Thrive. This word manifests itself in a lot of different ways in a lot of different people. For some, it may be a series of small successes, while for others it's the "ah-ha" moment that makes it all worth it. Either way, this is our goal for all students – to give each child the opportunity to thrive in their own way. These Cherokee County Educational Foundation Impact Grant winners submitted proposals with ideas that have and will continue to make an impact on students of all ages and abilities.
Go Baby Go
Go Baby Go began at the University of Delaware with Dr. Cole Galloway. The primary goal was to create modified, ride-on cars for young children with disabilities. Mobility can often be especially difficult for little ones with disabilities because they're too young to operate expensive power wheelchairs. Without the proper tools, these children have to constantly be carried or pushed in a stroller which may make them struggle with cognitive, social, motor, language, and other skills. When given some freedom, these children are able to develop important skills that will benefit them for the rest of their lives.
At ET Booth Middle School, Ms. Daniele Deneka has been participating in Go Baby Go with her 8th grade STEM students as they work on and provide modified ride-on toys for disabled CCSD students. This program creates an awesome opportunity for mentorship as Etowah High School students guide the middle school students and the middle school students provide for younger CCSD students. This builds leadership skills, STEM skills, and makes their studies have true meaning. We're so thankful to have been able to provide the funding for the parts needed to continue to build Go Baby Go vehicles.
Drumming Up Confidence
For some, thriving looks like new-found confidence and enjoying something he or she never expected to enjoy. Ms. Emma Neumeister of Sixes Elementary School submitted for an Impact Grant to fund drums for a drumming circle. They are not only used for music lessons, but are also great for engaging students, improving their emotional wellbeing, and even improving test scores. Though all of these things make it worth it, this is a true story of a student thriving.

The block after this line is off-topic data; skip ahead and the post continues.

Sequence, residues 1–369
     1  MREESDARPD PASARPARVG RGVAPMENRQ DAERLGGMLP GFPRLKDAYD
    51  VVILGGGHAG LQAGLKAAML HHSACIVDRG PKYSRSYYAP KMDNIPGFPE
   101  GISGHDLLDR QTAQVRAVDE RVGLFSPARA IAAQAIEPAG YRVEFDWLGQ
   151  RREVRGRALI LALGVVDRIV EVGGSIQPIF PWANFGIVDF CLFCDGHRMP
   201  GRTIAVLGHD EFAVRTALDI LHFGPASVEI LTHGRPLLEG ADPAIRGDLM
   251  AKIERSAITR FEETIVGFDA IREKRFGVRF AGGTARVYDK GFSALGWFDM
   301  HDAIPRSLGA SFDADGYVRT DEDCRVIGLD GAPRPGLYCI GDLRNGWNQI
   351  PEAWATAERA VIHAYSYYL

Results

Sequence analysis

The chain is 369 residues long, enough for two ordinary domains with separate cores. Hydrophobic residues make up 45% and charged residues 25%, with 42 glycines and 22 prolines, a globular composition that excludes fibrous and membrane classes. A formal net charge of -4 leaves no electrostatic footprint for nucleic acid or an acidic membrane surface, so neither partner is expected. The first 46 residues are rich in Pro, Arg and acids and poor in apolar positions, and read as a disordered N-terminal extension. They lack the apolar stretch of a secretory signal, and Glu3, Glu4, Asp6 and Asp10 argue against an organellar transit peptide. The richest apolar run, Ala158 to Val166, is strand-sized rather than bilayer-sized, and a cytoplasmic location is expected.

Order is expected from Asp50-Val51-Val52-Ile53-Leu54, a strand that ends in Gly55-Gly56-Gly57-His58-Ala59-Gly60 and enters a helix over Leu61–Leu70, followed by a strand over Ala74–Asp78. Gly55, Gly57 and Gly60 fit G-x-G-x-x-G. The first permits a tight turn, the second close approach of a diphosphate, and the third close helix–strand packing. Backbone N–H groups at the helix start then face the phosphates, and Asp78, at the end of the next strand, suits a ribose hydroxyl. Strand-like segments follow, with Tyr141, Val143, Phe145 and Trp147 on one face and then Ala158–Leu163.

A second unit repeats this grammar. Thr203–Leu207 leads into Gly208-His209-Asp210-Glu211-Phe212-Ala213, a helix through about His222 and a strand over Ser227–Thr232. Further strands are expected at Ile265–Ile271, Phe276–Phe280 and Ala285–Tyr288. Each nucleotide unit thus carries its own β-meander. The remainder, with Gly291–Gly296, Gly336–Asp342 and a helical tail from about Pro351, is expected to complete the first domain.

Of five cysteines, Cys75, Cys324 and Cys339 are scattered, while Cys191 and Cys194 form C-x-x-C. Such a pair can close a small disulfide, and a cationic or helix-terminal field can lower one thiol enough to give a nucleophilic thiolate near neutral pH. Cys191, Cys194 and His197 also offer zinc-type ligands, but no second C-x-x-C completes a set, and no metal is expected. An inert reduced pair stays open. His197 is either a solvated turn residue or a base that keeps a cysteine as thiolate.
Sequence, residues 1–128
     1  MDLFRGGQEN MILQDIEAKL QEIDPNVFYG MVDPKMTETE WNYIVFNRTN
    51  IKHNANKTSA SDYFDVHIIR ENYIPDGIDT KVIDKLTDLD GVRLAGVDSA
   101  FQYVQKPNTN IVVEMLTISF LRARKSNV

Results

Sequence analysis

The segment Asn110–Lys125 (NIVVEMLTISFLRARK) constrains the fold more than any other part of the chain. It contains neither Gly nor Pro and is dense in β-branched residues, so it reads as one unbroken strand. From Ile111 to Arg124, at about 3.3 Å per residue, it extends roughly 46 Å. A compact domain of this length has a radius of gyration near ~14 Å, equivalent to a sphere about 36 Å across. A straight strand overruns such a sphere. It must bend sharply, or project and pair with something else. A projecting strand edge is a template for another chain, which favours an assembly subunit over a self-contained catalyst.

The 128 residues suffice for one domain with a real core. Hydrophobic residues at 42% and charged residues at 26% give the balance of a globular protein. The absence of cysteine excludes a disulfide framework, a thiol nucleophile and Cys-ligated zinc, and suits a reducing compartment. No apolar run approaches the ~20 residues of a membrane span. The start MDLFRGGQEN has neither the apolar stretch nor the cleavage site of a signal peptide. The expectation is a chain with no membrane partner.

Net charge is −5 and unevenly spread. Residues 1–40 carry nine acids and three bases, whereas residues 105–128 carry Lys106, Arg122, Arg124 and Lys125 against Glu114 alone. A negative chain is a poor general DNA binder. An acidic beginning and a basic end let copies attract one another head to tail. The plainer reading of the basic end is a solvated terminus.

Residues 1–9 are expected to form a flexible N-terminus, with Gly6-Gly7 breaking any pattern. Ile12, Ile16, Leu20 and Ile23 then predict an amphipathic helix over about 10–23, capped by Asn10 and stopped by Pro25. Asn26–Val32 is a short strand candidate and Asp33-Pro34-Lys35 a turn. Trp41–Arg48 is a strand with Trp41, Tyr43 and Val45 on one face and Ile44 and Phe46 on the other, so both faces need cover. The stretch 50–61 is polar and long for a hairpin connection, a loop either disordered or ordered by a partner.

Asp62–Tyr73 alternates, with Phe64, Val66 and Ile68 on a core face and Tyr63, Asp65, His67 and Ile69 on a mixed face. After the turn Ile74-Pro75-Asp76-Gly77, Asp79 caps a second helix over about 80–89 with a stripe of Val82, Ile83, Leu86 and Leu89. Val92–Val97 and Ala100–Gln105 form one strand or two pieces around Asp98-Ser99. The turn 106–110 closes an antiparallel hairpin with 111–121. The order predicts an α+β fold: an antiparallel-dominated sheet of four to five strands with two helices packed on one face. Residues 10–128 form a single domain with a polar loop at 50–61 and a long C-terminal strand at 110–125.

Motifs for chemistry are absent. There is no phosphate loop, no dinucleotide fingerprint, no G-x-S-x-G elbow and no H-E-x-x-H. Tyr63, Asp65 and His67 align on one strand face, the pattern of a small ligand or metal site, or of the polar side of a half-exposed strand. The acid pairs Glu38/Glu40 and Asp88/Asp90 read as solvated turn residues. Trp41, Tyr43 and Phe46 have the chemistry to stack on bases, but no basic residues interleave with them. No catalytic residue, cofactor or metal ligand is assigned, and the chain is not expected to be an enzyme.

Ms. Neumeister shared, "A 5th grade student with autism made a significant impact on my love of teaching students drumming and using drum circles for team-building activities. He entered the room very curious and quiet at first. Things were not in their normal places and the drums were new equipment that he had never seen arranged in the middle of the room. He sat down tentatively, and we began the drum circle. After the first five minutes of warm-ups, I was so excited to see that he was raising his hand to participate and lead the student-centered activity. I let him replace me in the middle of the drum circle. He began to move his hands and body to conduct the group, exactly as I had done. As soon as he realized the students were following his every move, he let out this amazing laugh and the smile on his face brought tears to my eyes. He was in charge, he became the conductor, he found power in the music and confidence in the sounds of the drums."
You never know what could make the difference for a child!
We hope to hear many more stories of students building modified ride-on cars, and CCSD students getting to use them as well as students learning more about themselves through music. This is what the Impact Grant is all about – helping students and teachers find joy in education and bringing even more meaning to the middle of it.